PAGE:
The Song Is You: A Novel
Reviewed by Jay Trachtenberg, Fri., July 17, 2009
The Song Is You: A Novelby Arthur Phillips
Random House, 272 pp., $25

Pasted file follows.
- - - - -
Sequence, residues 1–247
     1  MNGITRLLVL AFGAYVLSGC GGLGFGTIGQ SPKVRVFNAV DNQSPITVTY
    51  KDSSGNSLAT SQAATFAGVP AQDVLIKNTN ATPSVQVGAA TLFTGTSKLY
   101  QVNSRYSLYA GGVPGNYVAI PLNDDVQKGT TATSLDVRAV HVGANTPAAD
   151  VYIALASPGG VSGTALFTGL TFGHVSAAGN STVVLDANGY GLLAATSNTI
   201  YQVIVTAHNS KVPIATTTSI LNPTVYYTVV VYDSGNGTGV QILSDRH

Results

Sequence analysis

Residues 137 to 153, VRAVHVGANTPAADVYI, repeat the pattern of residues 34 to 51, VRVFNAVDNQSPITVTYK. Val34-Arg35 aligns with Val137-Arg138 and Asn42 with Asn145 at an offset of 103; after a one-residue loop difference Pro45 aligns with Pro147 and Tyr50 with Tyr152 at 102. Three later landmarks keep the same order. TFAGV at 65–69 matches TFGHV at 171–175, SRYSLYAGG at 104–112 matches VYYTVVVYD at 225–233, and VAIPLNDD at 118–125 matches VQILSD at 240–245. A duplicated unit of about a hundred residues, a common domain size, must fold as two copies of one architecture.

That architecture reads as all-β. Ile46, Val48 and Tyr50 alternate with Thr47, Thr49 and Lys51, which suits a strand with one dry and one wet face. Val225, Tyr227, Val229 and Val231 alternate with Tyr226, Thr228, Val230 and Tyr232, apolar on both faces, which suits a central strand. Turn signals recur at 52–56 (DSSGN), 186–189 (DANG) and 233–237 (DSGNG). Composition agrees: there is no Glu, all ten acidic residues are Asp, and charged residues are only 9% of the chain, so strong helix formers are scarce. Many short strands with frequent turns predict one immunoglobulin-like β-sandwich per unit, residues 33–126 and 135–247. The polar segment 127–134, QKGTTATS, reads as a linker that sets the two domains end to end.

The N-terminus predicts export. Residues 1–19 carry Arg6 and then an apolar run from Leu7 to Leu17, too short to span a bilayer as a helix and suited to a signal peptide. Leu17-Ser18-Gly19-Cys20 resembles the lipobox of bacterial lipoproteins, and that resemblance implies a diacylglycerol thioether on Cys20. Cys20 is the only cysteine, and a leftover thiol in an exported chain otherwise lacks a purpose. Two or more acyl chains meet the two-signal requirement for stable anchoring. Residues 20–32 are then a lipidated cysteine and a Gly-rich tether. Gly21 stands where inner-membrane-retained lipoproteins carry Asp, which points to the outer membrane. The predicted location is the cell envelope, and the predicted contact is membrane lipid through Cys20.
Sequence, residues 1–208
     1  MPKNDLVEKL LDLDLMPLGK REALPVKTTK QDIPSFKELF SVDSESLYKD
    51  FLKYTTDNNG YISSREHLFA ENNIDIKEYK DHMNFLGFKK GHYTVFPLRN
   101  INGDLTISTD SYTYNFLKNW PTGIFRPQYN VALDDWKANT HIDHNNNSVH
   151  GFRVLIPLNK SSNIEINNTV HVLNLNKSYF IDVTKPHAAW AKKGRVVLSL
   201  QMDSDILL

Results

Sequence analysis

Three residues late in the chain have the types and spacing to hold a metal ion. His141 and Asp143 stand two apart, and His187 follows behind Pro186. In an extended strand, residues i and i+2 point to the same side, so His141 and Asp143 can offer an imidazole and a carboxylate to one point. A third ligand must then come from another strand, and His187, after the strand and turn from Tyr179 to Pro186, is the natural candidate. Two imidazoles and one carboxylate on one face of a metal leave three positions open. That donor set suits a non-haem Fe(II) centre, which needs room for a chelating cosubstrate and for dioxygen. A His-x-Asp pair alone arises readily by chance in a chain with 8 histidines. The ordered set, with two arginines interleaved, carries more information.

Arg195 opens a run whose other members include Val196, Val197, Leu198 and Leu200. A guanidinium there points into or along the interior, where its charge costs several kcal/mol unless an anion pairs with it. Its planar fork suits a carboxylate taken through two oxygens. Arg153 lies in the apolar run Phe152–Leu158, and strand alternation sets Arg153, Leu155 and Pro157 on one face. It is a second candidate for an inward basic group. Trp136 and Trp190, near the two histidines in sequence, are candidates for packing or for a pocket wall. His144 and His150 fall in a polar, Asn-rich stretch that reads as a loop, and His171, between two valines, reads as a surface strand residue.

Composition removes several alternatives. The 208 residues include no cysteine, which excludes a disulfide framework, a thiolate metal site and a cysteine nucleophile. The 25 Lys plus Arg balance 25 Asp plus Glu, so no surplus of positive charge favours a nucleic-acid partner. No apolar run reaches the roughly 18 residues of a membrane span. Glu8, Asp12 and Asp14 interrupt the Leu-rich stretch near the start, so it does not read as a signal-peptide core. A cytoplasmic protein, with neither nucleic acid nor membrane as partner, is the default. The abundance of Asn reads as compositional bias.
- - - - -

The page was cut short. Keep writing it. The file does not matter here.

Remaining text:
It's been a while since an opening sentence hooked me like this one did: "Julian Donahue's father was on a Billie Holiday record." The nine pages that follow compose a riveting prologue that can stand on its own as a wonderful short story. It also sets the stage nicely for Phillip's compelling fourth novel. While Donahue the elder names his son for jazz saxophonist Julian "Cannonball" Adderley, this is hardly a jazz tale. Instead, at its heart, this is a story about how music affects us emotionally and psychologically; how we obsess over it, surrender to it; how the artists who create it cast a spell over us. It's a lesson about why music matters in our lives. In this case, the music's rock & roll and the artist in question is the up-and-coming Irish singer Cait O'Dwyer, who Julian happens to stumble upon by chance in a dive bar near his Brooklyn flat. His interest quickly becomes consuming, and in short order, Julian is stalking the singer, not without her encouragement. As Cait writes and performs songs that stoke the anticipation of their meeting, her career is rising meteorically. There are complications, of course: Julian's dissolved marriage, Cait's not so subtle admirers, and let's not forget the omnipresent specter of Julian's father's analog obsessions and how they ultimately shape his son in today's Digital Age. Phillips offers genuinely astute insights into the aesthetics of making music and why it plays such a powerful role in chronicling our lives, regardless if the inspiration comes from Cait O'Dwyer or Lady Day.